3. "Rejoined" — Star Trek: Deep Space Nine
Original air date: Oct. 30, 1995
The third Star Trek show, Deep Space Nine, featured one of the aforementioned Trill as a main character, though they were redesigned to have spots along the neck and face instead of arcs on their foreheads so as to not interfere with actress Terry Farrell's hotness. In "Rejoined," Farrell's Lt. Jadxia Dax is reunited with Lenara Kahn, to whom she was previously married when inhabiting a male host. Now, both are female, but they're still hot for each other. A human taboo is disguised as an alien one, as Dax frets over the norm that Trills are not supposed to rekindle romances from their previous host lives. (Strangely, the fact that the two are both currently women isn't even mentioned.) Before the episode ends, the two lock lips briefly, and—hey, wouldn't you know it—right in time for a Neilsen sweeps week. Star Trek was apparently not too high-minded for an entry into the lesbian kiss episode genre of the '90s.
4. "Chimera" — Star Trek: Deep Space Nine
Original air date: Feb. 17, 1999
Each Star Trek show had a character who acts as an outsider to humanity or to the human-ish characters that dominated every crew. On Deep Space Nine, that character was Odo, the titular space station's chief of security. Though he could take any shape—a mouse, a chair or, most often, a six-foot-tall security officer—Odo's natural state was a big puddle of goo. Because of the more pessimistic world view of DS9, the writers never allowed the perpetually grumpy Odo to overcome his sense of alienation from all the other characters, who had permanent solid forms full of bones and organs. In "Chimera," Odo meets Laas, another of his kind, and invites him to spend some time on DS9. The two engage in the semi-sexual activity of "linking," melting into the same puddle. While Odo is quietly uneasy around other people, Laas shows open disdain for "monoforms," as a preemption to their petty fear of anything markedly different from them, and Odo begins to see his point. Laas transforms into a fog spreading over the station's promenade. Though the crew is annoyed, Odo says Laas is just changing forms, as changelings do. "Well, can't he 'be fog' somewhere else?" asks Chief Petty Officer Miles O'Brien, the show's everyman stand-in. His reaction echoes the sentiment of everyone you know who is ostensibly "OK" with gay people, but recoils at seeing anyone actually acting gay. Odo realizes that by spending most of his time as a bipedal humanoid, he is engaging in what, in sociological parlance, is called passing: dropping every attribute of his own cultural group to be accepted into another. In case there was any confusion around the metaphor, Quark, the Ferengi bartender, warns Odo, "This is no time for a Changeling pride demonstration on the promenade." Also, two Klingons decide to commit a hate crime.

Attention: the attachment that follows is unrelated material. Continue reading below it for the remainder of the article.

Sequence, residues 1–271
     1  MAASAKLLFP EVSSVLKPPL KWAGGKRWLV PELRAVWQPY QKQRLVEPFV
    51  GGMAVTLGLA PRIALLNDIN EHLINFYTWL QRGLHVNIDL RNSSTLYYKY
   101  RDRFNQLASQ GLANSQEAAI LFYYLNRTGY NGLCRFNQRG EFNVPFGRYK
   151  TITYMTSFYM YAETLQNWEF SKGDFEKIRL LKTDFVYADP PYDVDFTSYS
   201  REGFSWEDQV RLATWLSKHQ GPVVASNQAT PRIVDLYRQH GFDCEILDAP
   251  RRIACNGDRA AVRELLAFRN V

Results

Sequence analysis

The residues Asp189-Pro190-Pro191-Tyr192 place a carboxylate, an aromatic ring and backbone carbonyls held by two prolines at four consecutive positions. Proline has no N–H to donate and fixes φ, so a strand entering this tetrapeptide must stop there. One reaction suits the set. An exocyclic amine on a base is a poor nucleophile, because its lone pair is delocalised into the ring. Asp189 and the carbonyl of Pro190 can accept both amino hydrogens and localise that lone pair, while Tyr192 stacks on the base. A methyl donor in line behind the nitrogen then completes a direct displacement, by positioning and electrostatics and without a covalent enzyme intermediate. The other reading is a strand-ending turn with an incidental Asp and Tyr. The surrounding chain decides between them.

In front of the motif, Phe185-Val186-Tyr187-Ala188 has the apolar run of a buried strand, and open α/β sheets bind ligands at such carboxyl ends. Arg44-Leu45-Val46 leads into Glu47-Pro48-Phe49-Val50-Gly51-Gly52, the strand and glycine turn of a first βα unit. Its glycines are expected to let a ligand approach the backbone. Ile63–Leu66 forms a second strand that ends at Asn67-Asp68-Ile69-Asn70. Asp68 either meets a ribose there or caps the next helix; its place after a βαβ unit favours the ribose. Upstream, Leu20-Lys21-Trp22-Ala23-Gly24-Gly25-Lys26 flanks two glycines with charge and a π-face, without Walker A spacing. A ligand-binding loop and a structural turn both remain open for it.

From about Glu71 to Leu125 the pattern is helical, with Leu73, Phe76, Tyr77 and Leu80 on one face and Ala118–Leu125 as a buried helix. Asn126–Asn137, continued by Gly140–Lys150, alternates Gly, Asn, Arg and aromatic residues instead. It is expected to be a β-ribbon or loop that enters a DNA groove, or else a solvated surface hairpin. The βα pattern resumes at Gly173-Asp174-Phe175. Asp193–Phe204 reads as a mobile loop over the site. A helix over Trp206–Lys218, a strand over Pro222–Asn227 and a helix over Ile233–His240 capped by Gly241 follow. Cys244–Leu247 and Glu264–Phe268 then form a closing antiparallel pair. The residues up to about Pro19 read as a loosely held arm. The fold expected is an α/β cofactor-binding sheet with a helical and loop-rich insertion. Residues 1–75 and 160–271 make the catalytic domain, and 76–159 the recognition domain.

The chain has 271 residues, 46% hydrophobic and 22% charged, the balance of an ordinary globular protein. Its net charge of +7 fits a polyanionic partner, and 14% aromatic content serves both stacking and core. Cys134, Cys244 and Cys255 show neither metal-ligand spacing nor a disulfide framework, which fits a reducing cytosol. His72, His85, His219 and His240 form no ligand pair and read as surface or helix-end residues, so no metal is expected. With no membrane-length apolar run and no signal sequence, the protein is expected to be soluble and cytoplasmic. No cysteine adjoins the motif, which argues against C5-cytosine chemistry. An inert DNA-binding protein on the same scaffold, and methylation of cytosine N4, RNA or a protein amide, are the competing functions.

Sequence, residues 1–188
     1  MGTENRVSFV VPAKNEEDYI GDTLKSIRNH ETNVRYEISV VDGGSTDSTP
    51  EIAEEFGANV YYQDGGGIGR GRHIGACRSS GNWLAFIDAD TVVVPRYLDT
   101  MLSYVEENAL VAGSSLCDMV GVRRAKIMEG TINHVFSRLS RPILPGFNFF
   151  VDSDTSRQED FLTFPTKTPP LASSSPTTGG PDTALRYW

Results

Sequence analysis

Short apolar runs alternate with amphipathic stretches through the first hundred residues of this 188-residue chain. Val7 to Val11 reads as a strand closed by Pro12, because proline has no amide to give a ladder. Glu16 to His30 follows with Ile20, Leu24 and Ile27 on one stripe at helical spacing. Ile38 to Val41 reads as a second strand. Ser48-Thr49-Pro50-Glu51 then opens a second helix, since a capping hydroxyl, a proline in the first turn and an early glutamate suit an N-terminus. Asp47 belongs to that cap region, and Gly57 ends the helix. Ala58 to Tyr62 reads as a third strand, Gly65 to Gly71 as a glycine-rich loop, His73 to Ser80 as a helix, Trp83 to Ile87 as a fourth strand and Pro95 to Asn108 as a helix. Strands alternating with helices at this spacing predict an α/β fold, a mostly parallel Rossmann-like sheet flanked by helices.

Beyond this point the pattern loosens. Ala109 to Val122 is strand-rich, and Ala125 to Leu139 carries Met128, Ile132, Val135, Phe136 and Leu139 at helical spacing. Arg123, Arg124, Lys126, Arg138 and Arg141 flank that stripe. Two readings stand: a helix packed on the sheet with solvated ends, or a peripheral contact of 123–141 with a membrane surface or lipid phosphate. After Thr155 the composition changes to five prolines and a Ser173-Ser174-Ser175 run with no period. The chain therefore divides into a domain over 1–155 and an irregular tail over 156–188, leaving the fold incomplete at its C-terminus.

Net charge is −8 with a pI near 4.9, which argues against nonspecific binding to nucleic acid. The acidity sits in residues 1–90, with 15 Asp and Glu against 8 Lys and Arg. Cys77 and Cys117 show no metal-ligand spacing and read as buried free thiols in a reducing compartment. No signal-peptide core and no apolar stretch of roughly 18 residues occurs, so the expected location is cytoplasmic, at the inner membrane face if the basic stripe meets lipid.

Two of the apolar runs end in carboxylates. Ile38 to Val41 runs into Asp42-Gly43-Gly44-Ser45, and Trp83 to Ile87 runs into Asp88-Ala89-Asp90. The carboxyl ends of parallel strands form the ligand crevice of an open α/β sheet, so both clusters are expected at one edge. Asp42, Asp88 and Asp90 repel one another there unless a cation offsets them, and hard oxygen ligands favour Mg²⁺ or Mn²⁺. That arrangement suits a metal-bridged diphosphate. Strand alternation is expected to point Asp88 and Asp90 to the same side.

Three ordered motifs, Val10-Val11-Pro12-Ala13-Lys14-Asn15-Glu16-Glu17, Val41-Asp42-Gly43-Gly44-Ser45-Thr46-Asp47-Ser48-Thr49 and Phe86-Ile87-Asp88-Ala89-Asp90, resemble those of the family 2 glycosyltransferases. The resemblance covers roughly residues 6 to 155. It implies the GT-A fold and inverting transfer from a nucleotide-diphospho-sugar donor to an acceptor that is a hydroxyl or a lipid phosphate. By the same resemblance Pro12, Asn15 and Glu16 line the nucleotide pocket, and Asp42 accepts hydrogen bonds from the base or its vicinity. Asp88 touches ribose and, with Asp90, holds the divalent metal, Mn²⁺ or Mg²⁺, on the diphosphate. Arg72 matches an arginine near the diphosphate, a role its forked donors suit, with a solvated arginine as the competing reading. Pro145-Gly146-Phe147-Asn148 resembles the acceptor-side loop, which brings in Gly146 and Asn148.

5. "Stigma" — Star Trek: Enterprise
Original air date: Feb. 5, 2003
Enterprise, the final Star Trek series, is the first in the franchise's internal chronology. It was set a century before the time of Kirk and Spock, on the very first spaceship called Enterprise. Back then, Vulcans were surprisingly redneck. In "Stigma," TPol, the ship's curvy Vulcan first officer, tries to hunt down information on Pa'nar Syndrome without letting on that she suffers from this highly stigmatized ailment. Pa'nar is spread through mind melds (that thing where Spock reads some screaming dude's thoughts by placing his fingertips on his forehead). Back then Vulcans considered melds an "unnatural activity" practiced by a detested "minority" of telepaths. Thus, finding a cure was not a priority. The fact that T'Pol contracted it through a forced meld a season earlier matters not to the dick-ish Vulcan authorities she encounters. Though it came 15 years late, "Stigma" is a parable for the story of AIDS in the '80s with the Vulcans in the role of the Reagan administration.